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Transforming Pain into Art: A Personal Journey through Photography

Updated: Sep 17, 2023



I understand that photography is becoming more and more personal and intimate. Attention is increasingly directed towards the human being, their inner and emotional life, introspection, and self-therapy.

This interests me because lately, we have witnessed an abuse of technical virtuosity, too many landscapes, and overly cerebral and incomprehensible photography—all ways to escape inner life, anxiety, and universal pain.


I strive to transform pain into art; this is what I feel inside.

When I work with photography, I simply listen to the emotions, thoughts, and physical sensations. What I create is a reflection of what I feel or the urge I experience, even if it's what I fear the most. In this phase, I also define the context, frame, and light I want to capture at that precise moment, looking for simple beauty without spending too much time on it.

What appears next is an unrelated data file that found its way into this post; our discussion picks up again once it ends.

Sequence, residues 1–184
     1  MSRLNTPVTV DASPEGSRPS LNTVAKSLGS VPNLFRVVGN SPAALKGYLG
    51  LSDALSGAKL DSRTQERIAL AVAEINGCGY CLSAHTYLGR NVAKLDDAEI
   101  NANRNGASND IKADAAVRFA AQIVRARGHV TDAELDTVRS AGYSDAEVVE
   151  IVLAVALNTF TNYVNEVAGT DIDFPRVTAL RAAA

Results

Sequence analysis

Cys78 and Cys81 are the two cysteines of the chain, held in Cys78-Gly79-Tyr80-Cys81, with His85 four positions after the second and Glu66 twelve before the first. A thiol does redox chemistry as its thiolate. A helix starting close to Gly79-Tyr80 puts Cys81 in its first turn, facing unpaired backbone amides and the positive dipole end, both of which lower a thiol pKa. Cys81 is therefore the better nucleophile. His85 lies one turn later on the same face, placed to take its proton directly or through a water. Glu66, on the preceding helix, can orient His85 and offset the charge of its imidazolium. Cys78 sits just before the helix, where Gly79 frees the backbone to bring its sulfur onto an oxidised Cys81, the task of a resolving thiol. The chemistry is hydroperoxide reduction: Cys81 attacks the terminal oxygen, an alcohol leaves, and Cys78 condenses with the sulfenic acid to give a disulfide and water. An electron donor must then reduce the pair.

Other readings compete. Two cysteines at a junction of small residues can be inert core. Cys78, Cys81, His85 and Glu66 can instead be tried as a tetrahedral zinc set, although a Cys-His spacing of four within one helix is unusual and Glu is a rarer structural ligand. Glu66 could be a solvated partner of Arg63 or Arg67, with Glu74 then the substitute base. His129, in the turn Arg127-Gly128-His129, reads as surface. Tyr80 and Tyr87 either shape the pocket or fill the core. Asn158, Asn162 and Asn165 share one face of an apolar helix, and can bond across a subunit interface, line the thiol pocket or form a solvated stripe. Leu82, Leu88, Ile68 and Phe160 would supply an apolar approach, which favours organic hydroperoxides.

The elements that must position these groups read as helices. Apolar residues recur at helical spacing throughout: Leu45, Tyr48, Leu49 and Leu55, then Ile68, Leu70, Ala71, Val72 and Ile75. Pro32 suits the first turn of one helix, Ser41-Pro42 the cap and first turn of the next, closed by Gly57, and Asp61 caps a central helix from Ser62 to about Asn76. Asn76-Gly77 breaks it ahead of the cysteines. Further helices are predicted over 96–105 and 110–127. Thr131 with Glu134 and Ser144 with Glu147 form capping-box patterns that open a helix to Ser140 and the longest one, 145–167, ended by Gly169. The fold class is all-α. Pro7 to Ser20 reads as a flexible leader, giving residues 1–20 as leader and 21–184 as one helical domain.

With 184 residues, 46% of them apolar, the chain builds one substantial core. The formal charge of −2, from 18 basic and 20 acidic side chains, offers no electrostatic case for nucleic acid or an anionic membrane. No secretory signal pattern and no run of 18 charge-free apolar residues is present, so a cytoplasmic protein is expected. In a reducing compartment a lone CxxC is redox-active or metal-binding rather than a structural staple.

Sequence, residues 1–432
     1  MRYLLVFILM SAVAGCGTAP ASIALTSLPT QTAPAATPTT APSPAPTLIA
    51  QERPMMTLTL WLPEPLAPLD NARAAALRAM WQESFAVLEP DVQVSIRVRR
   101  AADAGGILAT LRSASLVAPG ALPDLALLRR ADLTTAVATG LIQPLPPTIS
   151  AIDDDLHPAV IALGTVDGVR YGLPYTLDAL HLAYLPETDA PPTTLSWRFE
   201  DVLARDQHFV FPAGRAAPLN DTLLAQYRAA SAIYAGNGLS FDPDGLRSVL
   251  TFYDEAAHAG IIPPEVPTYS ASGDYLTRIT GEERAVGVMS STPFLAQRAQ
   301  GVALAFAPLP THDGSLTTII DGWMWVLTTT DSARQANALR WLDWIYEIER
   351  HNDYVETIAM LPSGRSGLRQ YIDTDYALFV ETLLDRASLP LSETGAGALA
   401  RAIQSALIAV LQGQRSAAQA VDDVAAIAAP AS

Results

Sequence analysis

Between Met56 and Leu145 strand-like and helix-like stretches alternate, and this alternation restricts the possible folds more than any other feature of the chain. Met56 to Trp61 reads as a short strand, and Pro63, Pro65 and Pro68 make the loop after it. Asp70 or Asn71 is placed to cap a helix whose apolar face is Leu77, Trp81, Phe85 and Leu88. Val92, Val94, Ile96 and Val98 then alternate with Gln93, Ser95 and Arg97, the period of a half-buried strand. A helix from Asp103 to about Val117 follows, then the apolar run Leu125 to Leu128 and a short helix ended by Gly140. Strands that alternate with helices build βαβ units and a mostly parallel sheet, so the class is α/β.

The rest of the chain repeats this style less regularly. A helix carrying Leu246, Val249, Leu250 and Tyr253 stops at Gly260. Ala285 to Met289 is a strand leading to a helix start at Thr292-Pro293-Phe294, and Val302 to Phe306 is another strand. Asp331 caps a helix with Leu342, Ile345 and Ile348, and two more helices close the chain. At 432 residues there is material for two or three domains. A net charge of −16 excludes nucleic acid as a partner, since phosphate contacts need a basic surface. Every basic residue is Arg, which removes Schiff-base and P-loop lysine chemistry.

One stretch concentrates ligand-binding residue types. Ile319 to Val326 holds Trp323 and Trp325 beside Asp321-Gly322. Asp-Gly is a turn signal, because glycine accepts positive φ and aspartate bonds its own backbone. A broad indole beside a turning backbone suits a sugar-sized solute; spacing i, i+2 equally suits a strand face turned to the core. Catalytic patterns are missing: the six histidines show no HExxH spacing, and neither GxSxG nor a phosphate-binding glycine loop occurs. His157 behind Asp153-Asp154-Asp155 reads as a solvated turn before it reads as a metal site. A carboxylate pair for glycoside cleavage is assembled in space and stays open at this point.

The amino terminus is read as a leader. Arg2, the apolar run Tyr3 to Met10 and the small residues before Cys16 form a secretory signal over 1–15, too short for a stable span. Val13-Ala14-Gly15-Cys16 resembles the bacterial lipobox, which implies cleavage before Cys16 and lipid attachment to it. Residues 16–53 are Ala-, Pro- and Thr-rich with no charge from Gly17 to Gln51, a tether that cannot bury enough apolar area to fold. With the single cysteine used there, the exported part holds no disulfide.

Beauty must spontaneously manifest itself from within.


Transform pain into gold, Japanese philosophy
Transform pain into gold, Japanese philosophy, vase taken from the Internet

My goal is for others to deeply connect with my works, to understand them (not necessarily accept them) without the need for a degree in contemporary art.

I'm interested in exploring the human being in all its aspects, and the naked body emphasises their humanity.

It helps them become vulnerable, establishing a profound connection with life and death, their sexuality, or, for example, reflection on their relationships with their parents and childhood experiences that unconsciously affect them.


All of this contributes to the authenticity of the image, as it contains a multitude of emotions and issues. It serves as a mirror for various individuals who can find and recognise themselves in that image.


I don't have a particular and defined approach. It truly depends on the moment and the person in front of me.

In today's world, it's crucial to express all that is terrible, painful, and pathetic, from which we all tend to escape.


It's essential to turn adversity into something beautiful, like turning 'shit into gold.'"






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